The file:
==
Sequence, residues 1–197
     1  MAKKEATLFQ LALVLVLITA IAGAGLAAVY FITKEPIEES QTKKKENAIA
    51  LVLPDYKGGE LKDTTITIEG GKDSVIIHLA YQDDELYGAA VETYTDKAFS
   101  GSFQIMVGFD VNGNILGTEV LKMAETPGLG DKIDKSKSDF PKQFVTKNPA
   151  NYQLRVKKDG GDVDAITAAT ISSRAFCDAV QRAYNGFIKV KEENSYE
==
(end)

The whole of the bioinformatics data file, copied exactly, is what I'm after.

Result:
Sequence, residues 1–197
     1  MAKKEATLFQ LALVLVLITA IAGAGLAAVY FITKEPIEES QTKKKENAIA
    51  LVLPDYKGGE LKDTTITIEG GKDSVIIHLA YQDDELYGAA VETYTDKAFS
   101  GSFQIMVGFD VNGNILGTEV LKMAETPGLG DKIDKSKSDF PKQFVTKNPA
   151  NYQLRVKKDG GDVDAITAAT ISSRAFCDAV QRAYNGFIKV KEENSYE